This article will take a look at hiking boots and discuss some of the most common misconceptions about this style of footwear. We’ll debunk the biggest hiking boot myths and examine why conventional hiking boots cause foot problems in so many people. We'll also put forward our own definition of what constitutes foot-healthy hiking footwear and highlight several models that have worked great for us and others out on the trail.
Three Big Myths About Hiking Boots
The three BIG myths about hiking boots are the following:
1. That they absolutely must possess a rigid upper with brace-like ankle support to help prevent ankle sprains
2. That they absolutely must possess a thick, rigid, heavily lugged sole to protect the foot from trail features and debris
3. That they absolutely must be heavy-duty (i.e., clunky) to be durable and effective
Addressing the Myths
The hiking boot myths noted above are deeply rooted in our collective consciousness. Let's tackle these misconceptions one by one to gain a better understanding of where they came from and why the logic behind them is faulty.
Myth #1: Rigid Uppers Prevent Ankle Sprains
Many people believe that hiking boots need to have a rigid upper that braces the ankle to protect against inversion sprains (i.e., a forceful rolling of the ankle that damages ligaments on the outside of the ankle). The truth is, what protects the ankle from inversion sprains is not stiff material surrounding the ankle, but rather strong and healthy tendons and ligaments crossing the ankle joint. No amount or type of upper material can actually immobilize the ankle joint, and even if it were possible to do so, this is not, in any way, a desirable or favorable action. The foot and lower leg need to be able to function as nature intended.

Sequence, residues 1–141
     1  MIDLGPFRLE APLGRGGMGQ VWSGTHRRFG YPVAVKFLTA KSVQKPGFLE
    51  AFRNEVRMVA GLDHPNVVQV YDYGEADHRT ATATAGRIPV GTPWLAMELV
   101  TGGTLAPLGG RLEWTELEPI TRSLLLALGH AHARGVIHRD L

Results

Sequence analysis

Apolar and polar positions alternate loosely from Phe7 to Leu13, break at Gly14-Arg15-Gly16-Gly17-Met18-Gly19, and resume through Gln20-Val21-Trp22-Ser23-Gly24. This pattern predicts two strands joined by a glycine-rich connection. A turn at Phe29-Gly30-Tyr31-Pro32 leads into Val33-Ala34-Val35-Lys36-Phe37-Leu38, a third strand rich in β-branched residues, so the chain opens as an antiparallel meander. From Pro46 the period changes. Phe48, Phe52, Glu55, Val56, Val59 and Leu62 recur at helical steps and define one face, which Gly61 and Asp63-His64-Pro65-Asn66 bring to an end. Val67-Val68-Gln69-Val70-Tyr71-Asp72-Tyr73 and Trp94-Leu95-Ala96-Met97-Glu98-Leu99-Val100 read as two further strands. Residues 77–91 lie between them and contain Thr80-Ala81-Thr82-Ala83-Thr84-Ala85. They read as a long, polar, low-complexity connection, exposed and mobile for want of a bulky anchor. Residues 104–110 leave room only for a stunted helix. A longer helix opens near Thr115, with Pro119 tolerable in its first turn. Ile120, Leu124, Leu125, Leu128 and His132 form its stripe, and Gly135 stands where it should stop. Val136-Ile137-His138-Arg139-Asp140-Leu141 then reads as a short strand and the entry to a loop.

The best way to prevent ankle sprains is to develop foot and lower leg strength through the act of wearing footwear that allows your feet to become strong and resilient on their own. Footwear that puts your entire foot on a level plane and close to the ground and that allows your toes to splay naturally creates a much more stable base of support that can help prevent ankle rolls. Also, footwear with only a minimum amount of material between the foot and the ground (for basic protection of the sole) lowers your foot's center of gravity, which has the beneficial effect of reducing the likelihood of an ankle sprain. A thinner and more flexible outsole also enables the foot to feel the ground better, and this feedback to the brain enables the foot to make appropriate micro adjustments that ultimately minimize injury.
Myth #2: Heavily Lugged Soles are an Absolute Necessity
The idea that hiking boots must possess thick, rigid, heavily lugged soles in order to protect the foot and improve foot function is deeply ingrained in our culture. This myth stems from the notion—often put forward by healthcare practitioners and the footwear industry—that our feet are inherently weak and flawed and must be supported in thick-soled footwear in order to avoid injury and perform at their best. Thick soles, it's reasoned, offer greater protection and comfort.
The biggest problem with rigid, inflexible soles is that they hold your foot in a compromised and deformed position, both during activity and at rest. Stiff soles, when combined with other problematic shoe design elements, effectively immobilize your foot in an abnormal configuration and prevent your foot structures from performing the way nature intended.
Stiff-soled shoes are also an impediment to mindful walking. Footwear with thinner, more flexible soles improves your ability to sense and feel the ground, which allows you to adjust your foot position “on the fly” to help prevent an inappropriate or injurious foot placement. In truth, very little material is needed between the foot and the ground for adequate protection of the foot's sole.
The idea that heavily lugged soles are superior to other, less aggressive tread patterns is another myth perpetuated by the footwear industry. It seems intuitive on some level that big lugs would be helpful in navigating a variety of terrain, but the truth is that the kind of terrain most hikers encounter can be successfully traversed in footwear that possesses only minimal lugs or no lugs at all.
What creates optimal traction and stability is not lugs on the sole of your hiking boot, but rather a stable and healthy foot configuration inside a boot (or other type of footwear) that allows you to feel the ground. This configuration involves placing the foot on a completely flat surface and allowing the toes to spread out so that your feet can fully participate in the gait cycle and be the optimal support platform that your body needs.
Myth #3: Hiking Boots Must be Heavy-Duty